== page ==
From today's UK papers

March 14, 2002

Blair sidesteps biggest issue of all
Prime minister Tony Blair prompted speculation on his beliefs about the origin of the universe yesterday when he refused to criticise a city technology college for teaching fundamental creationist theory alongside Darwin's theory of evolution. When asked in the Commons about the controversial approach of Emmanuel College in Gateshead, Mr Blair - known for his strong Christian beliefs - avoided giving a straight answer and instead defended the need for "diversity" in education. (Independent)

Scientists dispel 'mystery of autism'
The cause of autism, the fast-growing disorder that has struck fear into the middle classes and has been linked with the MMR vaccination, may be less mysterious than has been thought, scientists report today. (Independent)

Treasures of Sutton Hoo finally return home
"The hoard is laid bare," declared Seamus Heaney, quoting his own translation of Beowulf as he opened a £5 million exhibition centre at Sutton Hoo yesterday. As a literary unearther of Anglo-Saxon treasure, he was the natural choice for a bardic inauguration of the National Trust's refurbishment of one of Britain's most important archeological sites. (Independent, Guardian)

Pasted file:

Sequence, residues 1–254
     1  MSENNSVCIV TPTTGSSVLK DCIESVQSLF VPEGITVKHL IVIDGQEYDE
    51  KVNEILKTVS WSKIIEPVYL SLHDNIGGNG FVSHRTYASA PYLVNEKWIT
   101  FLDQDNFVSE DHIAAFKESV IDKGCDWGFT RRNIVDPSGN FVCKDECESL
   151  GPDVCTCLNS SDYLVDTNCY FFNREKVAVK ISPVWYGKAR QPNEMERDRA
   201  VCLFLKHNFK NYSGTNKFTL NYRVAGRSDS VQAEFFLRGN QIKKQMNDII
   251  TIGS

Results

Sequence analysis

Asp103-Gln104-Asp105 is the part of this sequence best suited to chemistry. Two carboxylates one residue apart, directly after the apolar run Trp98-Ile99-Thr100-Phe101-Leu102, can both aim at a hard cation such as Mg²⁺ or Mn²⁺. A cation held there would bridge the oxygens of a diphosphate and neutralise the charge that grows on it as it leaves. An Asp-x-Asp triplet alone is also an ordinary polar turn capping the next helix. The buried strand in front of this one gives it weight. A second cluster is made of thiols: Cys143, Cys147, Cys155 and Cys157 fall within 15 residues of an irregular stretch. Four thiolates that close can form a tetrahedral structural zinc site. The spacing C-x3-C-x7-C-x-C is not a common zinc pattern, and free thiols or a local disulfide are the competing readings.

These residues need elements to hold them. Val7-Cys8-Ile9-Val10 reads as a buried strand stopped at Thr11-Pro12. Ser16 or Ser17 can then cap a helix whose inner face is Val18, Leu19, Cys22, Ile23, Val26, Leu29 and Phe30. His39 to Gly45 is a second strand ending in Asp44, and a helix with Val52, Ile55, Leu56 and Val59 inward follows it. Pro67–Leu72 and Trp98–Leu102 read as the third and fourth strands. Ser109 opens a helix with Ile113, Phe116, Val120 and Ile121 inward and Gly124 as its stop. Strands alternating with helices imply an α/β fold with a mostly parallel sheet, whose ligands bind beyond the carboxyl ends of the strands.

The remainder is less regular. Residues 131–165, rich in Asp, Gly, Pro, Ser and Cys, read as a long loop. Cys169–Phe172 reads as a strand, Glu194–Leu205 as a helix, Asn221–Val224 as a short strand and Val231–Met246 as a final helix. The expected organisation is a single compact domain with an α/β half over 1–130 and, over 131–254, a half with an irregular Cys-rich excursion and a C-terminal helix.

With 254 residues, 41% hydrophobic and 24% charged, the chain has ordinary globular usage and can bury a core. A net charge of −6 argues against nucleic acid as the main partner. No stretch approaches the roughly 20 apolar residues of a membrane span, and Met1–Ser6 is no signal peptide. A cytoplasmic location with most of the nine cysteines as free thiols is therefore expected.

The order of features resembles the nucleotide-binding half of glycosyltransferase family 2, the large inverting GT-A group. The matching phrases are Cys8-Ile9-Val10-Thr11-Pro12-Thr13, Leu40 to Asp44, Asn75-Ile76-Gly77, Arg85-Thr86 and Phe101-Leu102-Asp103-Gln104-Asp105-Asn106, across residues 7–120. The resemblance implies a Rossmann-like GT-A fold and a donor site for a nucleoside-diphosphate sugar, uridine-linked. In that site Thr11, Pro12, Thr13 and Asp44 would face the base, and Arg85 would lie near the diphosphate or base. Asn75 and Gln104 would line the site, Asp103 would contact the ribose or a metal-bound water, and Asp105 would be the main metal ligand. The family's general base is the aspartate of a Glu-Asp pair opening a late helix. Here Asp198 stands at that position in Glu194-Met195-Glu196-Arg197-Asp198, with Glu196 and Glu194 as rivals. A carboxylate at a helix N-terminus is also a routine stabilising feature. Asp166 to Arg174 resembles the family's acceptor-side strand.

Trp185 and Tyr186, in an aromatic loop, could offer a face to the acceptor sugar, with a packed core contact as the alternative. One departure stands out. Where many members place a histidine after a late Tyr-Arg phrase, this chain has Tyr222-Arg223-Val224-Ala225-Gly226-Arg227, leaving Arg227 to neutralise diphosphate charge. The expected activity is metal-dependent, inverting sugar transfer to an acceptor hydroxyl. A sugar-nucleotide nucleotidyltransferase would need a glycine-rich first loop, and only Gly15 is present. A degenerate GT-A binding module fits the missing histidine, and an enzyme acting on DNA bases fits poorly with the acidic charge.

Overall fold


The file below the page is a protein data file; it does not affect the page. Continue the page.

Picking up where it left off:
Medical hopes dashed over adult stem cells
The hope that adult cells can be turned into brain, heart, muscle or any other type of cell to develop a range of revolutionary treatments receives a serious setback from research published today. (Daily Telegraph, Independent)

Screen for literacy, PM urges employers
Tony Blair will urge Britain's employers today to screen for literacy and numeracy problems after research revealed that 3.5 million employees cannot read, write or add up properly. The government announcement is the next stage of its £1.5 billion assault on Britain's lack of basic skills. (Independent, Financial Times)

BBC is students' ideal employer
Its bosses are accused of dumbing down the organisation, its new channels are attracting meagre audiences and its reporters are banned by Zimbabwe. Yet the BBC is the most desirable place to work, according to a poll of 6,000 final-year university students. The corporation has reclaimed the number one slot in the survey, having surrendered it last year to the Foreign and Commonwealth Office, which slips to second. (Guardian)


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